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  #11  
Old 08-12-2017, 07:31 AM
AeroDog AeroDog is offline
 
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Location: New London, NC (near Charlotte), Boulder, CO
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Quote:
Originally Posted by DonFromTX View Post
Lots of great guidance here, but something to consider is that the wings are completed in a week or so, the fuselage takes LOTS longer.
Don,

You make me realize just how much faster you and most everyone else seem to be at building. I probably spent a couple of weeks on the landing light alone and am still not happy with it cosmetically. Same with the flaperons.

Also, there are things in the wing kit which are needed when building the fuselage. These must be ordered separately then deleted when ordering the fuse.

Jerre
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  #12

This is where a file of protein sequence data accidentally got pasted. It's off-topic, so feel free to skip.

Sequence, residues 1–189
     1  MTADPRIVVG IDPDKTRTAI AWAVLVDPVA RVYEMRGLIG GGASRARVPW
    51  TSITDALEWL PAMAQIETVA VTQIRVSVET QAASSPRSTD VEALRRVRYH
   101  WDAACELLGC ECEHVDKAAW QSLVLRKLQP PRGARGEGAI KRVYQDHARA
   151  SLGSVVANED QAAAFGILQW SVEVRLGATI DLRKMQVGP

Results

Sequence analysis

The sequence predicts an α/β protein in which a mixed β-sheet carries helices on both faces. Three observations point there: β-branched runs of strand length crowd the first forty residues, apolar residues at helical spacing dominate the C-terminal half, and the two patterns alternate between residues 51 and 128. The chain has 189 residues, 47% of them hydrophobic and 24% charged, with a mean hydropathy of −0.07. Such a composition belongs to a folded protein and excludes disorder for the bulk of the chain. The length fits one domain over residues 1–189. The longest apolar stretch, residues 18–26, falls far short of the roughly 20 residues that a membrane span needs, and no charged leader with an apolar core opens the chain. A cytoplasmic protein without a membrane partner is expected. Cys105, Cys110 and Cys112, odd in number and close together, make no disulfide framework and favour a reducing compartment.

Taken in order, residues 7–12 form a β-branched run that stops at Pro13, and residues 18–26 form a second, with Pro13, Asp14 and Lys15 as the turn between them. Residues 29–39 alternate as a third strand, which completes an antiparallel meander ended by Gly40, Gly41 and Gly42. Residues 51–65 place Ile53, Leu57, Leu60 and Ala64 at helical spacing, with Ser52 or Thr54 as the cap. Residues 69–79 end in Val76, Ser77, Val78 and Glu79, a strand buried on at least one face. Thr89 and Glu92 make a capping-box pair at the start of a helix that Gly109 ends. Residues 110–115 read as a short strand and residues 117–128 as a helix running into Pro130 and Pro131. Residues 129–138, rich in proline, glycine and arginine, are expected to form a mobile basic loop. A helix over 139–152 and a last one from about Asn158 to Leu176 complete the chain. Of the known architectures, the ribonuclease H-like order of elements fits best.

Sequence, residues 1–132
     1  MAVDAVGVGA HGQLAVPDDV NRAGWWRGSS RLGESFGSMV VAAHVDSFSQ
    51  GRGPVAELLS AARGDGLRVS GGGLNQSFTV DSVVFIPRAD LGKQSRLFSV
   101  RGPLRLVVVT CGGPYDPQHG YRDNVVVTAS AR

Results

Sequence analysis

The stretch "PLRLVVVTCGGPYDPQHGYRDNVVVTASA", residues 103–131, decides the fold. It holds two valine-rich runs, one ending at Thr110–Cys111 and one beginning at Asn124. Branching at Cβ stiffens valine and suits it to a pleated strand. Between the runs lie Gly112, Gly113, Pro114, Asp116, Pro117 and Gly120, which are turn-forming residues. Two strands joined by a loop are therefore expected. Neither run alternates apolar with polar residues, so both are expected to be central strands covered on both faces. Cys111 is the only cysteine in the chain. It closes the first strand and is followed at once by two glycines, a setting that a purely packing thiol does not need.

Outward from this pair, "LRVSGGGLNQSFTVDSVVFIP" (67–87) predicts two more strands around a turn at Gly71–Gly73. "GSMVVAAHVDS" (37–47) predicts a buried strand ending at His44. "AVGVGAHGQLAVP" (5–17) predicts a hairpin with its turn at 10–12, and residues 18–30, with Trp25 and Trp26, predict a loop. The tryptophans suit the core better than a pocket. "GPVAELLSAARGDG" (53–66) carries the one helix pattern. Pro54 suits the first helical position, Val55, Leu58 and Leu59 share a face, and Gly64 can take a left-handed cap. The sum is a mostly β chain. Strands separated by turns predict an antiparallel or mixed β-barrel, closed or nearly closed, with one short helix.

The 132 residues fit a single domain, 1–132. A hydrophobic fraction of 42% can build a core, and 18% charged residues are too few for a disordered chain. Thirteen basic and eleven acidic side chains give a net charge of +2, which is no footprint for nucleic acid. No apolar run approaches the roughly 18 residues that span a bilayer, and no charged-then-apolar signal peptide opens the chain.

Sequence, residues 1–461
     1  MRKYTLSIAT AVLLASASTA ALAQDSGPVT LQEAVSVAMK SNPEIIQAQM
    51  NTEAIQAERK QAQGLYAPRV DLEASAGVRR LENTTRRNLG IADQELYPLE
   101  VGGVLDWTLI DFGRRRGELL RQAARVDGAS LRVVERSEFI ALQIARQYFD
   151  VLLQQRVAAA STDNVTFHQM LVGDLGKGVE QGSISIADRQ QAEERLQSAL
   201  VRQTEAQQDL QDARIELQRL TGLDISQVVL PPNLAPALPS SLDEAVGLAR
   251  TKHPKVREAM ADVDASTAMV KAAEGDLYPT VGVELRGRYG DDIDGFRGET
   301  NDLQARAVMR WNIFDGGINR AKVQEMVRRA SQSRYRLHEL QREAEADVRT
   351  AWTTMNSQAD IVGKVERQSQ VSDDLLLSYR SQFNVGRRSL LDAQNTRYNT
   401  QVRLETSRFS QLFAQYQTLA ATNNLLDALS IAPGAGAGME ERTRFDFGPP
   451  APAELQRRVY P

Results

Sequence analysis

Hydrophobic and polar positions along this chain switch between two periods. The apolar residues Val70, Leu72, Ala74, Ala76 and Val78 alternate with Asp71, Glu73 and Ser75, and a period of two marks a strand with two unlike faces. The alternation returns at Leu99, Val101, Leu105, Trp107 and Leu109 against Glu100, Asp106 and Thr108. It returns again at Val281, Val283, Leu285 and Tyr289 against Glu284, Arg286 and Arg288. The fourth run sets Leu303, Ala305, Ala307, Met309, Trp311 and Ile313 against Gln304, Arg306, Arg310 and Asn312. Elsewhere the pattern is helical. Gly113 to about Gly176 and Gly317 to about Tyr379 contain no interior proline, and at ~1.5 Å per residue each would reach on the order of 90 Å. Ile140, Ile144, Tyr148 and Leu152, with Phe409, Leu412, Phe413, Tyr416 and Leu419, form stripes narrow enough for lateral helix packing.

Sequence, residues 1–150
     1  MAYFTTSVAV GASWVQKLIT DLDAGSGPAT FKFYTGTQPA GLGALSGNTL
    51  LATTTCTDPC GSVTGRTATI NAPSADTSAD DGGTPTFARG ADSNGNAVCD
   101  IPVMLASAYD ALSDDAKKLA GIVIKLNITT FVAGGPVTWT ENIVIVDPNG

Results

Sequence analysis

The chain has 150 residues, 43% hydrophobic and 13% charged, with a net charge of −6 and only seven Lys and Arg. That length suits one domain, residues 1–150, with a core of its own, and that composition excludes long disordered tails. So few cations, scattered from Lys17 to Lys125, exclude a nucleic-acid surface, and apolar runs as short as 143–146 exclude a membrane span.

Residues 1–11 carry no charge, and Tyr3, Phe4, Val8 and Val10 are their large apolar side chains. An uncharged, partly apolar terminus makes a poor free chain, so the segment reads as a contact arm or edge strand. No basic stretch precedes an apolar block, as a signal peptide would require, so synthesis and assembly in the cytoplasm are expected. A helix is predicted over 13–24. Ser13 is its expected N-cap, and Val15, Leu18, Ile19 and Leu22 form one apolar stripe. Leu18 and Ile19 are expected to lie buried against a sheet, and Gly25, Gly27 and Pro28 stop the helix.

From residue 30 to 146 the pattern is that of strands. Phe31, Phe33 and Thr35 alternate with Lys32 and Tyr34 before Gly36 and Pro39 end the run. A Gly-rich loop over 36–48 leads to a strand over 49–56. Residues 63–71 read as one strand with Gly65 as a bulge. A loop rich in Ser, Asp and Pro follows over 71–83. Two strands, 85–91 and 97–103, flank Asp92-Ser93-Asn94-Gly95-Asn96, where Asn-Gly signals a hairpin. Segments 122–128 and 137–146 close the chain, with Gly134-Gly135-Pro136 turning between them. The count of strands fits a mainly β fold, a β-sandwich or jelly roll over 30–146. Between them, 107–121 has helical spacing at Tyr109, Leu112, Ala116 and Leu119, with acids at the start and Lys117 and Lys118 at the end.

Old 08-12-2017, 08:04 AM
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DonFromTX DonFromTX is offline
 
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I ordered ALL the kits except avionics and engine at the same time, to save on shipping costs. I was retired and anxious on the wings, and had a grand daughter and wife willing to help, I was surprised at how quickly they were done and in storage!
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  #13  
Old 08-12-2017, 11:35 AM
DaveWelch DaveWelch is offline
 
Join Date: Mar 2005
Location: Huntsville, AL
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Assuming equal lead times, sufficient workspace, storage space, etc...either way is fine.